Mumbai Crime: Woman, newborn's deaths reveal Kurla hospital running 'illegally'
Man blames hospital for wife, newborn's death; administration rubbishes allegations
Sunil Das, 31, who lost his wife and newborn daughter last month, still can't fathom how it all happened. Even as he tries to deal with the loss, getting to know that Habib Hospital (where his wife gave birth to the child) has been functioning without a mandatory registration certificate, has made it all the more difficult for him. The BMC had issued a letter to the hospital on July 6, 2018 asking them to 'discontinue all activities'.
Das rushed his wife Nilima to the Kurla hospital on October 25 and she went into labour the next day. He said the doctor didn't arrive until 8:45 am. "After she delivered the baby around 8:50 am, Dr Shifa Khan told me that she was having fits. From that point onwards, her condition kept deteriorating," said Das. Post delivery, doctors removed her uterus to stop the bleeding, but she died on October 28.
Das said that his daughter wasn't crying post birth, so doctors suggested shifting her to Sheetal Children Hospital, Kurla. However, even she died on October 30.
Speaking to mid-day, he said, "The neurologist at the hospital had told me that Nilima suffered a brain haemorrhage during the fits. The hospital staff is responsible for my wife's death. If the nurses had monitored her condition properly and if the doctor had arrived earlier, they could have saved her."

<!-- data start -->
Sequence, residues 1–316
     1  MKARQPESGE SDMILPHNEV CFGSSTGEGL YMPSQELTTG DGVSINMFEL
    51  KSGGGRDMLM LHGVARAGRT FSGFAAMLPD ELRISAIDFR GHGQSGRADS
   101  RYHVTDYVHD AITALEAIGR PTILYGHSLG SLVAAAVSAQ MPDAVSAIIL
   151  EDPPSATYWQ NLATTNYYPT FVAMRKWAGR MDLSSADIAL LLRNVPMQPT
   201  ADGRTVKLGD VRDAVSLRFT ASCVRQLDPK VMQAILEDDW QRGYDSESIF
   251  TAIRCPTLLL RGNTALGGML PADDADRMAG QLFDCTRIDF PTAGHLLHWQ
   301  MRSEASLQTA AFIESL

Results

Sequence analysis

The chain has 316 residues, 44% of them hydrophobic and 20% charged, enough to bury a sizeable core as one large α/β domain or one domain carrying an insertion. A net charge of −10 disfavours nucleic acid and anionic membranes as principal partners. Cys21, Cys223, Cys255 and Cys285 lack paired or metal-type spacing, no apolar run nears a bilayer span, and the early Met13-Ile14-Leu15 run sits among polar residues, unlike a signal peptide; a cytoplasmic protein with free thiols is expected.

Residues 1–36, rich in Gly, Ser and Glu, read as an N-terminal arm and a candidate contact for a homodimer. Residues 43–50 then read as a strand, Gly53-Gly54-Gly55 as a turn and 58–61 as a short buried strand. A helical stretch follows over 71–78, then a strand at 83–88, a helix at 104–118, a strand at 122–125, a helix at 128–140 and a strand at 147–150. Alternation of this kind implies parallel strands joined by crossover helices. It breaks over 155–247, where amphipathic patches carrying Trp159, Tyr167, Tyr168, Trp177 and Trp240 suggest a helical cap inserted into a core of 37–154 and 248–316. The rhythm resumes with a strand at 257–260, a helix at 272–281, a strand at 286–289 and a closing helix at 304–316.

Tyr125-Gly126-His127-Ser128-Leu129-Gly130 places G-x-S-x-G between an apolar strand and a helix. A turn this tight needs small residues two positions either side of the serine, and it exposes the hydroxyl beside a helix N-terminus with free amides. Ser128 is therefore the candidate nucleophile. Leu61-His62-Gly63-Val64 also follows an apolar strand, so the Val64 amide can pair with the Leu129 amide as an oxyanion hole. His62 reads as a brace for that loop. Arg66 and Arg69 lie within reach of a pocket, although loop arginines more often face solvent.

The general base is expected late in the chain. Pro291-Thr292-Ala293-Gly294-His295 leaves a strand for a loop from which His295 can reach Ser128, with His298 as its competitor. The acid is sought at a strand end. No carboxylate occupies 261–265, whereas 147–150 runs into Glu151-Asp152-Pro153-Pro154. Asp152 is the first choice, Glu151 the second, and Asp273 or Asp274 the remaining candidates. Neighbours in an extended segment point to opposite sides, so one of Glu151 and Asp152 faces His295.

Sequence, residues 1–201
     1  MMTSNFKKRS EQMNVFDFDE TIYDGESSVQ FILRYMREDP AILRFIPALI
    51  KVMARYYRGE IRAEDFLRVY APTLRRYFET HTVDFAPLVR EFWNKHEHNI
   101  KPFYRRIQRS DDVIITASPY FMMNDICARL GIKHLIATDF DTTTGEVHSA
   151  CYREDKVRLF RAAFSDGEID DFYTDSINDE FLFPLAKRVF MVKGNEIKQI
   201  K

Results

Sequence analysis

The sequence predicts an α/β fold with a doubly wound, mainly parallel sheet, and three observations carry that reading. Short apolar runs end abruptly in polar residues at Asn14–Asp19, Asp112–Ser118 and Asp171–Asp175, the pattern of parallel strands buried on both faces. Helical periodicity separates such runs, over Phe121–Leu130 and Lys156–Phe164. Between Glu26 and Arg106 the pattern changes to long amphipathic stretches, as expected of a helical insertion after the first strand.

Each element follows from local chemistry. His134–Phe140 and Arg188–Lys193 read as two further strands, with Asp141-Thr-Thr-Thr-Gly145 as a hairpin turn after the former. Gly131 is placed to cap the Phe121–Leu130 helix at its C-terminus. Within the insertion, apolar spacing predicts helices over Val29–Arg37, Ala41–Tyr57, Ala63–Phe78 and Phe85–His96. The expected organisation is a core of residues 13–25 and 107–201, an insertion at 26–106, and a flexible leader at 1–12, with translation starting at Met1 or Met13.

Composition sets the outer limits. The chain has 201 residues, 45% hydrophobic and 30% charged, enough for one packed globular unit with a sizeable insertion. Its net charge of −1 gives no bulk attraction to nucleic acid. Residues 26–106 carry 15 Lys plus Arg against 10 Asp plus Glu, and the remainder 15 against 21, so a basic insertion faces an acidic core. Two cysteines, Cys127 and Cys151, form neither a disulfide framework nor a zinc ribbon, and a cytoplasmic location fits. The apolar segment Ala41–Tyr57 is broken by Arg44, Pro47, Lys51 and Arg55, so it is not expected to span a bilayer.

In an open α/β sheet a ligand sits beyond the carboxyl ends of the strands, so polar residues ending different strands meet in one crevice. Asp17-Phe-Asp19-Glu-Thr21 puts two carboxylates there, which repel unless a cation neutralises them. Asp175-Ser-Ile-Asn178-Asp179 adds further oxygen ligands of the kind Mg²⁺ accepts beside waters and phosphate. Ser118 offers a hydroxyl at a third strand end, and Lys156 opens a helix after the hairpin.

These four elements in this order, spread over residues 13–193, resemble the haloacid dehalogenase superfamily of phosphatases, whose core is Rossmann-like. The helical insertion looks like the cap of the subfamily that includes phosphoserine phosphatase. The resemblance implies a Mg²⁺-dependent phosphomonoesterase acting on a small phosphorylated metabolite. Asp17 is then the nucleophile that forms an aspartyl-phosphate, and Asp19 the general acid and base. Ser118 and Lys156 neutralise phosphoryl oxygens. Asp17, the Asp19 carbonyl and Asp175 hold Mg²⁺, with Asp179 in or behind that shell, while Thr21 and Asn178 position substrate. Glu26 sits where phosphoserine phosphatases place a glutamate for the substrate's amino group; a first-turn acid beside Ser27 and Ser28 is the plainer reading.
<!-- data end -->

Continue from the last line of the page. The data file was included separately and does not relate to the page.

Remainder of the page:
"The hospital shouldn't be running without a registration certificate. More people will suffer if no action is taken. It should be shut down," he added.
Medical officer, Dr Jitendra Jadhav said, "We have written to Vinobha Bhave police station twice asking them to file an FIR against the hospital, but the cops haven't taken action." The police, however, passed the buck right back. Senior PI, Rajesh Pawar said, "If the doctor had a fake degree then we would have intervened. But this is a matter of licences and it is the BMC's responsibility to take action."
Meanwhile, Dr Khan said, "Nilima had convulsions and she suffered hypoxia. We removed her uterus to stop the bleeding. But that didn't work." A hospital management member, Dr Sharafat Chaudhary said, "The hospital was started in 2007 with all the permissions. The registration certificate has expired but the process of renewing it is underway."
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